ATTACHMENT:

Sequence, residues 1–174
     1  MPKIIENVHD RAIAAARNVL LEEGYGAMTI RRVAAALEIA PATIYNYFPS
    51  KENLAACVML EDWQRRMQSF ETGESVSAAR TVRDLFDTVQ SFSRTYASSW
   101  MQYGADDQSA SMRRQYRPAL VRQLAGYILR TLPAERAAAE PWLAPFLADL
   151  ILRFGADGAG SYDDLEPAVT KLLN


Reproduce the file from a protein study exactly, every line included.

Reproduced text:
Sequence, residues 1–174
     1  MPKIIENVHD RAIAAARNVL LEEGYGAMTI RRVAAALEIA PATIYNYFPS
    51  KENLAACVML EDWQRRMQSF ETGESVSAAR TVRDLFDTVQ SFSRTYASSW
   101  MQYGADDQSA SMRRQYRPAL VRQLAGYILR TLPAERAAAE PWLAPFLADL
   151  ILRFGADGAG SYDDLEPAVT KLLN